If you consider how many dollars China holds, the only thing keeping them from flexing some muscle and becoming #1 is their gradually diminishing need to appear to be quiet, passive, and self-involved. If China's empire-building were even a tenth as obvious on the broad stage of public opinion as the US's overt

None of that has anything to do with the size of their economy. The fact that China has the #2 economy is a fact that they have so many people. If you counted the EU as a country they would have a larger economy then China. Maybe even the U.S. but I'm not sure.

Anyway, per-capita China is behind Argentina, and Malaysia. Let alone Korea, and Taiwan. It isn't anywhere near a being a first world country on par with Japan or the UK. And it will take decades of continued growth rates for it to eclipse the U.S. Assuming they never have a Japan-style bubble collapse. Which is quite likely, and actually a property value crash is something that the government is trying to prepare for.

here's a list of countries by GDP. China is right around Turkmenistan, Namibia, El Salvador, Belize and Ukraine.

Interestingly one Asian country actually has eclipsed the U.S in terms of per-capita GDP. Singapore.
posted by delmoi at 12:37 PM on August 16, 2010


For reference, this is what Japan will be going through, according to SpikeJapan
posted by codacorolla at 12:50 PM on August 16, 2010


I'd love to join in this very interesting discussion (excellent topic and FPP knave ) but I'm very rushed for time this evening; however I can contribute a couple of points.

First of all, misconception about China. Massive GDP, but they aren't an export engine like Germany. China's GDP is mostly inward directed, with (by some account) 99% devoted to internal growth. That unbalance brings its own set of problems.

I gave this presentation last May where we discussed the Chinese trade deficit [ .pdf ] . Yes, the Chinese trade deficit, who suspected? Its actually happened twice to date.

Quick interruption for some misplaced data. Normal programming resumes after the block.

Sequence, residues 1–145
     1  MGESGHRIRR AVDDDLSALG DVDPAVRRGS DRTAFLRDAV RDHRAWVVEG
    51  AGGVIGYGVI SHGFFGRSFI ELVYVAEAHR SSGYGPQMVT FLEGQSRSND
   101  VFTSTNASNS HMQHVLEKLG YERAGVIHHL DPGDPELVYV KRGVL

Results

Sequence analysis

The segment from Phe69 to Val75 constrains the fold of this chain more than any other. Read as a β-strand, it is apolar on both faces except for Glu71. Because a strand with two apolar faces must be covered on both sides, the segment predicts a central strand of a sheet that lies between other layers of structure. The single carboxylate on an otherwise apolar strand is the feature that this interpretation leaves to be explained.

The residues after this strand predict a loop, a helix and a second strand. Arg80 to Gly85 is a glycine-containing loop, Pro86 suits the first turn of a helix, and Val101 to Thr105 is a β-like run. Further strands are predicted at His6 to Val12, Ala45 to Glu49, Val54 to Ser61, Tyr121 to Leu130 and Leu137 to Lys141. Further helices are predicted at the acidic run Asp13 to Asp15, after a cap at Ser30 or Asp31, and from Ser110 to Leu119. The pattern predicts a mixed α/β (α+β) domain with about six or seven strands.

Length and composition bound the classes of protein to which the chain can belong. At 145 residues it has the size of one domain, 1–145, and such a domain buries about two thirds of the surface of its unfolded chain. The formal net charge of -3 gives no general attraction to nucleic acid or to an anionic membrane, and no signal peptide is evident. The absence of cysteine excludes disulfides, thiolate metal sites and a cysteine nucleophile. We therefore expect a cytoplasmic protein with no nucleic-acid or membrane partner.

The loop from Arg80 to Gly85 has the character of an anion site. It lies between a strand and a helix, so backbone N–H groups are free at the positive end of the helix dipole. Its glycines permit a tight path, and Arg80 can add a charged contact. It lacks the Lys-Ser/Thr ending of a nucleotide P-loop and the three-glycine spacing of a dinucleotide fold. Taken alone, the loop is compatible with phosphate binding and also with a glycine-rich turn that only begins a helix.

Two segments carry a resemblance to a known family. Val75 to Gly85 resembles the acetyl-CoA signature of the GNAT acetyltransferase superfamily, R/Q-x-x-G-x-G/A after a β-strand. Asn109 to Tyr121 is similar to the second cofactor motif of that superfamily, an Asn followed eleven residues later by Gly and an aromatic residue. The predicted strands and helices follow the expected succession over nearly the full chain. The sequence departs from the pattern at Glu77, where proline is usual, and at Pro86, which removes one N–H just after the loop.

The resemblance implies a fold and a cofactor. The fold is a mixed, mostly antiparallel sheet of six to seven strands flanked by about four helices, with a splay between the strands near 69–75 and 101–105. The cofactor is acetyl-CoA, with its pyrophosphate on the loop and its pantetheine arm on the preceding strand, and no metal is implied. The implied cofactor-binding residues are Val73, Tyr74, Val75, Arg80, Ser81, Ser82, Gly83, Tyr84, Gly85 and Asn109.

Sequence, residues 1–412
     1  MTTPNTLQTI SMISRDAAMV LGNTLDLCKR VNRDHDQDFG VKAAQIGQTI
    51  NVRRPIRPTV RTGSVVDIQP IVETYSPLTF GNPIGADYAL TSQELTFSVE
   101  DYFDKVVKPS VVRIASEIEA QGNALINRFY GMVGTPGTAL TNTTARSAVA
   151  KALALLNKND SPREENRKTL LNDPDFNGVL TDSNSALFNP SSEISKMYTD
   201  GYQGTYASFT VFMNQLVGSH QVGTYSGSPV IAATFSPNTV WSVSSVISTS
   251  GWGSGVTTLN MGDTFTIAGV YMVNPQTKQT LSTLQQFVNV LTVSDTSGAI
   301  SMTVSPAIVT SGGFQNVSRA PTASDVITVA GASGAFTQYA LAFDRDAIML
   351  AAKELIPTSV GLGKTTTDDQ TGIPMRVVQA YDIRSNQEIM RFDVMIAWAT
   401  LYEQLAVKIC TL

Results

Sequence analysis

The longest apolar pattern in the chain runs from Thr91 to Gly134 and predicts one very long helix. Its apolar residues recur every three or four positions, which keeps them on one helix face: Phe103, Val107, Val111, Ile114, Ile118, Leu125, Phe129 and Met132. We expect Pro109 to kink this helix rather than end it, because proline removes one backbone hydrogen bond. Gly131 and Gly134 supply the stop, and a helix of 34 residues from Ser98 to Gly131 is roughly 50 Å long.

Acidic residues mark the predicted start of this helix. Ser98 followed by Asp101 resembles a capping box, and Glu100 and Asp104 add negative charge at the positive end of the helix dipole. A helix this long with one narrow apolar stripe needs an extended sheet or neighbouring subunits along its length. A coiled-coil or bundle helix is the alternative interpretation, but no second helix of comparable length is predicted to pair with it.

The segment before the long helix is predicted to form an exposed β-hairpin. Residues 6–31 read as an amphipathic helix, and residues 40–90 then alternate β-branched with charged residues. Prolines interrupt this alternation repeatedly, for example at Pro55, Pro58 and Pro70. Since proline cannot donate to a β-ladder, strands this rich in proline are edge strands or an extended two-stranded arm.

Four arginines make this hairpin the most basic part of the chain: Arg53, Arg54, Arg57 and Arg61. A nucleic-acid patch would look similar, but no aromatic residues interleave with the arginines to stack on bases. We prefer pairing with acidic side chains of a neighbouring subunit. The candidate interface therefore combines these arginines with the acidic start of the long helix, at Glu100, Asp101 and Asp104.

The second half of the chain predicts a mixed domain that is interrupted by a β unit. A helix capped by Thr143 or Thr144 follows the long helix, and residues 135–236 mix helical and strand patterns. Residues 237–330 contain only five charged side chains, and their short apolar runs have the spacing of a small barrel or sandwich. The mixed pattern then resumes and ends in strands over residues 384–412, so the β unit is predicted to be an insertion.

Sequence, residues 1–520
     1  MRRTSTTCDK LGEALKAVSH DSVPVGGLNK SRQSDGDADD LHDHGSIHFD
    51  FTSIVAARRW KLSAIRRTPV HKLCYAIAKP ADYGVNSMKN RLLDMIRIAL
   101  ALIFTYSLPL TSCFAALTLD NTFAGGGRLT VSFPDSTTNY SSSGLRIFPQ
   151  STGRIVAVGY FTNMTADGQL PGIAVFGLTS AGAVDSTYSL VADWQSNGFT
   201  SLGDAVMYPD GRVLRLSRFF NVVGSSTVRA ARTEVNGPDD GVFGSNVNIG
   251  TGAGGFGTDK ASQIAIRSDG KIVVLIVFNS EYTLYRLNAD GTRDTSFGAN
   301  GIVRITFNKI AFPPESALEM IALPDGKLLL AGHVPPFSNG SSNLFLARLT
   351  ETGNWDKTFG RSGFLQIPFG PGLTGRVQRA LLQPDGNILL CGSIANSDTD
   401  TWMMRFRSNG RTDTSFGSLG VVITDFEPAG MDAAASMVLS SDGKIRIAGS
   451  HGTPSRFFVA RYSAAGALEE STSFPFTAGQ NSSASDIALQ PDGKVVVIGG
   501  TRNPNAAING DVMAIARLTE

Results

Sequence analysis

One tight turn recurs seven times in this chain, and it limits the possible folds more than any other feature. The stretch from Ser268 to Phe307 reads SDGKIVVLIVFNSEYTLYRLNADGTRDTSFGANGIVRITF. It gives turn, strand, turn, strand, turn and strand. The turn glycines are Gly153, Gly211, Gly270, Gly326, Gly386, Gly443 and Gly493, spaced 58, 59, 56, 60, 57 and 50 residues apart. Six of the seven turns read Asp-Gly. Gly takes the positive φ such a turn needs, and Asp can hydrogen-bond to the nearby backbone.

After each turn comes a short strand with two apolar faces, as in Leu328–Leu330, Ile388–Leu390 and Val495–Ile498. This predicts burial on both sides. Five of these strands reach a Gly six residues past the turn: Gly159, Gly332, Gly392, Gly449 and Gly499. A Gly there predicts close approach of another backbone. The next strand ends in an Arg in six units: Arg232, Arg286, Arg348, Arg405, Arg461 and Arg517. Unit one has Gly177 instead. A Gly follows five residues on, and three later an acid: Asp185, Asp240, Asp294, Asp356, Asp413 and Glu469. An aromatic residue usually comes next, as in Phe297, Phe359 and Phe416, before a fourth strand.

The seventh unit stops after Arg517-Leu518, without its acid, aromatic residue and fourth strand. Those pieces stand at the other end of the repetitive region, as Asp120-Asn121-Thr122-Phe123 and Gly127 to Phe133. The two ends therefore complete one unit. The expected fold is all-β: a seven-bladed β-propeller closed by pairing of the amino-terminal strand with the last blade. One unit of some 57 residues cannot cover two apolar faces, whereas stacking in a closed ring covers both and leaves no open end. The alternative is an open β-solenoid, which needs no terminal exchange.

Interesting topic, a developed country problem in a developing nation, another paradox about China I guess.

Another curiosity, and the subject of this weeks presentations - how come China has about 70M flats - NEW FLATS mind you - that aren't hooked up to the electric mains? [ .pdf ]

'Cause nobody lives in them, that's why. They only exist due to speculation, hot money, the value of unoccupied, speculatively built flats in China is approaching 20% of GDP.

Another fascinating topic. I update the presentations while I give them during the week. This week I'm up four times, and change slides as I talk the points through with the audience.

Thanks again for a great FPP.
posted by Mutant at 1:01 PM on August 16, 2010 [3 favorites]


the value of unoccupied, speculatively built flats in China is approaching 20% of GDP.

!?!

Damn, Mutant, that's staggering. Any idea how to go about shorting a bubble that distended?
posted by gompa at 1:13 PM on August 16, 2010


Any idea how to go about shorting a bubble that distended?

Only semi-joking, buy any of the following:

Lockheed-Martin
General Dynamics
Colt Defense
FN Herstal
etc
posted by ROU_Xenophobe at 1:35 PM on August 16, 2010


Sure, but India has almost as many, and is growing much, much faster.

India is growing faster than China?!

What's India's GDP growth? Currently Chinas GDP is 4 time as big, and China 30 years ago at the end of the Cultural Revolution was a basket case compared to India. India has 1.2 billion or whatever, and about 5% to 10% of those are doing well, which makes for some big GDP numbers, but India as a whole is not like China.
posted by stbalbach at 1:36 PM on August 16, 2010


Sure, but India has almost as many, and is growing much, much faster.

India is growing faster than China?!


In terms of population (which is what the quote portion was referring to), yes. That's why India is going to overtake China in population this century.
posted by spaltavian at 1:38 PM on August 16, 2010


India is growing faster than China?!

In terms of population (which is what the quote portion was referring to), yes.


Yeah, India isn't facing the same demographic time bomb that China is facing. The one-child policy has put China in a very unusual position: a developing country with an aging population.
posted by mr_roboto at 1:45 PM on August 16, 2010


My (Norwegian) girlfriend tells me that every time that UN Human Development Index comes out and says Norway is the best place in the world to live, Norwegians tend to roll their eyes and complain about all of their problems.

身在福中不知福
posted by klue at 1:54 PM on August 16, 2010 [1 favorite]


身在福中不知福

You have no idea how much I hope that translates as "Mo Money Mo Problems".
posted by mr_roboto at 1:56 PM on August 16, 2010 [1 favorite]


身在福中不知福
Shēn zài fú zhōng bù zhī fú.
[shen(1) zai(4) fu(2) zhong(1) bu(4) zhi(1) fu(2)]

Growing up in happiness, one often fails to appreciate what happiness really means.
To not to appreciate the happy life one enjoys.

It's used when a person who most would consider fortunate complains.
posted by stringbean at 2:26 PM on August 16, 2010 [2 favorites]


People are less likely to fight when they have more to loose and I think China prosperity should be viewed as a plus for peace rather than reason to worry.

Prosperity certainly hasn't dampened Americans appetite for fighting.
posted by JackFlash at 3:06 PM on August 16, 2010